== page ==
One is mindful to abandon wrong view & to enter & remain in right view: This is one's right mindfulness.

MN 117

This being said, the mind of an arahant obviously cannot forget the Dhamma Truth. Thus MN 117 also says:

Thus the learner is endowed with eight factors, and the arahant with ten.

MN 117

In short, the sati of an arahant is automatic because an arahant can never forget the Dhamma Truth.

  • Thank you. I'm glad I'm not the only one thinking that the link to the parami didn't make sense in this context. And thanks for the sutta text. (Accepted as answer to question since it was response to all points of my oq.) – Medhiṇī Sep 1 '18 at 15:36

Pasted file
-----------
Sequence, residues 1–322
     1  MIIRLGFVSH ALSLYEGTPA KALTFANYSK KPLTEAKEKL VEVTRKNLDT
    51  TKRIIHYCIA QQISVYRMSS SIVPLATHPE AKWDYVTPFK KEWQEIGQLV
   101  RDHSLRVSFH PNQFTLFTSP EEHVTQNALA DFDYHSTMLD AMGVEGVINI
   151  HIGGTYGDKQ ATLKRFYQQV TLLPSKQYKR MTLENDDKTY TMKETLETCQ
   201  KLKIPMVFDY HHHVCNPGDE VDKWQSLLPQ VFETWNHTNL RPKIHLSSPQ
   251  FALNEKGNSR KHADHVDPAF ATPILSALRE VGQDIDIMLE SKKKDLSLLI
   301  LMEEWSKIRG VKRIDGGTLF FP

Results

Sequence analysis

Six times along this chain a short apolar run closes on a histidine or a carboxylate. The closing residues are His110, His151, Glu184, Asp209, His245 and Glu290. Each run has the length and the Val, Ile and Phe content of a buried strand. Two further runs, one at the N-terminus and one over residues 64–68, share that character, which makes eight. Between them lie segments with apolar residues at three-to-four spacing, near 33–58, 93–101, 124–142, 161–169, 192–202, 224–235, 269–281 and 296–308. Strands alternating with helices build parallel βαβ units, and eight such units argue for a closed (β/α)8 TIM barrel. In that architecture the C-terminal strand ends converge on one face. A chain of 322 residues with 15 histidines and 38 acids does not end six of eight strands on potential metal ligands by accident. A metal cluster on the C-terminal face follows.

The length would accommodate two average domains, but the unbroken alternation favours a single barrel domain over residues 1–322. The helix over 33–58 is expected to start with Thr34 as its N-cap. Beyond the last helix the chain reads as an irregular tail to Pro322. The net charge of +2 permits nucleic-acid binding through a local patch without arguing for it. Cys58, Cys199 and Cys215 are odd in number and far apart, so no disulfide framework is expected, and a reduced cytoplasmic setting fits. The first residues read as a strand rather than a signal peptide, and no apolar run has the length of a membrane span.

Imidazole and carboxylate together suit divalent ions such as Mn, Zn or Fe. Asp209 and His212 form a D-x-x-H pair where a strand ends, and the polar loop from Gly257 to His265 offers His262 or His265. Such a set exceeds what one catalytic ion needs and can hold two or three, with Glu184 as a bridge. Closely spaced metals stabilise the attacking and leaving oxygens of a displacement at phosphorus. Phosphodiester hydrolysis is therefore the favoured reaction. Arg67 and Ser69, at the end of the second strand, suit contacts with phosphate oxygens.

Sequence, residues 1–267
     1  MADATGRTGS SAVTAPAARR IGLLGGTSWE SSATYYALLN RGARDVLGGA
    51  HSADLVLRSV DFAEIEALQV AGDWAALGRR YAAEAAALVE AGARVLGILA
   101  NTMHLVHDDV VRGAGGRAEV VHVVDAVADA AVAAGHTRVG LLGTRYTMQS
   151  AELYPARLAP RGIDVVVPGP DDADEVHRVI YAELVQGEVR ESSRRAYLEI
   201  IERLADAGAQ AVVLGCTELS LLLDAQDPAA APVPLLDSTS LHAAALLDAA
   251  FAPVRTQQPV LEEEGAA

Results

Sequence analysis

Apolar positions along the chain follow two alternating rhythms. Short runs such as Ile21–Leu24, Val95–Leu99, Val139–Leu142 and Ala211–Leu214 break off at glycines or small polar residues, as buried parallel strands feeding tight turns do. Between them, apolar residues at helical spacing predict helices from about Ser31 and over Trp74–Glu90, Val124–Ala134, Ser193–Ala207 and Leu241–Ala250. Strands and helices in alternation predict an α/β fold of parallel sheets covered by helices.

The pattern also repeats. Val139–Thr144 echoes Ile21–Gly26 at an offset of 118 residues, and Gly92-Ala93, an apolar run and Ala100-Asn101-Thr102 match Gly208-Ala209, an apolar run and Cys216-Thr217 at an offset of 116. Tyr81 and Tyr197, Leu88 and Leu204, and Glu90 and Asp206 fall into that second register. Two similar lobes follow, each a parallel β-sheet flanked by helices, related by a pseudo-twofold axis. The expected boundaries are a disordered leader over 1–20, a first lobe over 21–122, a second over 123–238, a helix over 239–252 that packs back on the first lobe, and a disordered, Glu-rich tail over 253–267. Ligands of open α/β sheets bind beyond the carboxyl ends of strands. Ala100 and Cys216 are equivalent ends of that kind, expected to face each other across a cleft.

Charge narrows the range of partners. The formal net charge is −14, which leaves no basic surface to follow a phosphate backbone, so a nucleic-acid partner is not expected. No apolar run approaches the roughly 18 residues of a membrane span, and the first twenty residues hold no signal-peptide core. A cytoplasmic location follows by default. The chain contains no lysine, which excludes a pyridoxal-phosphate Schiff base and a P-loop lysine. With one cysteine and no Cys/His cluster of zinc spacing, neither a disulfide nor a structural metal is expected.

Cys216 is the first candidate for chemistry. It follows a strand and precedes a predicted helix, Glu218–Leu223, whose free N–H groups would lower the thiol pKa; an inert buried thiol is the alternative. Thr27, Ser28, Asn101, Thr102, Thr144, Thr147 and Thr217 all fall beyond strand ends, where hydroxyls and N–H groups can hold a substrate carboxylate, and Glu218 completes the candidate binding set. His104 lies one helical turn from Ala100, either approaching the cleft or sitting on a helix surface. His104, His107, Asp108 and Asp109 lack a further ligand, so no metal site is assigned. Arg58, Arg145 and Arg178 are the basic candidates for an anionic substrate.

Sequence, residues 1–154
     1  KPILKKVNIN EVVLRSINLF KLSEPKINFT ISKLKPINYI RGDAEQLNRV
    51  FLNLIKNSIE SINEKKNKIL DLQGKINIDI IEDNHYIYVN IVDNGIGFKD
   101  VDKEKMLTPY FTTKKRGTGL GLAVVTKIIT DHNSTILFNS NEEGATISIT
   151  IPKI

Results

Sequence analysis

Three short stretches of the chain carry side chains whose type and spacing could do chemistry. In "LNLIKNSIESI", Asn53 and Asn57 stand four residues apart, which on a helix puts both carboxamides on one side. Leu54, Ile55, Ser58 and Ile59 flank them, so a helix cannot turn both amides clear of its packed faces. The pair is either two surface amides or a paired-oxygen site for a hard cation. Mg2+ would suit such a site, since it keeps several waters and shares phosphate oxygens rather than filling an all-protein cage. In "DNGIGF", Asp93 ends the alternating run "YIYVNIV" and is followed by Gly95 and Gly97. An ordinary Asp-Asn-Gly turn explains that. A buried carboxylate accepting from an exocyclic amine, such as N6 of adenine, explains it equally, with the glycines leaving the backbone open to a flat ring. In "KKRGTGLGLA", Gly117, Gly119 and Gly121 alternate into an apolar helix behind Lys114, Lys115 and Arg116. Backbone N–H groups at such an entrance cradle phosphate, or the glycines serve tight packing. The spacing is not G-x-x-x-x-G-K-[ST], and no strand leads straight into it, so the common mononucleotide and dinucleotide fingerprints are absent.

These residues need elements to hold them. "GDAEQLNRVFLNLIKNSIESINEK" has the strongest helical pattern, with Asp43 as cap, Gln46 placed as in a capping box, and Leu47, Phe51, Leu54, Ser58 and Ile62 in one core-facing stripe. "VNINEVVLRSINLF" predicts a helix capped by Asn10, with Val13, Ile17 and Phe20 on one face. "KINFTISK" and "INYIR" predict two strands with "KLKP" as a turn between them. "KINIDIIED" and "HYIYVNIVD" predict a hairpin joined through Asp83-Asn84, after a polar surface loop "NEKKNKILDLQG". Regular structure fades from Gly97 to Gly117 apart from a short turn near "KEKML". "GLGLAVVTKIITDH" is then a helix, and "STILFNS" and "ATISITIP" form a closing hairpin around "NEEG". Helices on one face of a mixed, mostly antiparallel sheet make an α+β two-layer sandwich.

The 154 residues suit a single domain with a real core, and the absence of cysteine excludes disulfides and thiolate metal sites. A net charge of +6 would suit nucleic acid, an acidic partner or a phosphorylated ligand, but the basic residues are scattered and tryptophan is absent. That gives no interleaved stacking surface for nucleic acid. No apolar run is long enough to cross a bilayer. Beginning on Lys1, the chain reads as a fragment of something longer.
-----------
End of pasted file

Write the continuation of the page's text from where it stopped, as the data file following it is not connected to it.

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Maybe your friend meant to say that an arahant no longer has to consciously make an effort to develop sati? An arahant has developed all 8 limbs of the Noble Eightfold Path to perfection such that they've become second nature. To him, sati's no longer an effort to be developed. It's become his way of life. It's like a novice martial arts student at first has to constantly practicing many drills to build up his reflex and awareness. Once he's become a martial arts master, it'd be absurd to say he "no longer has reflex and awareness", but reflex and awareness have become second nature to him.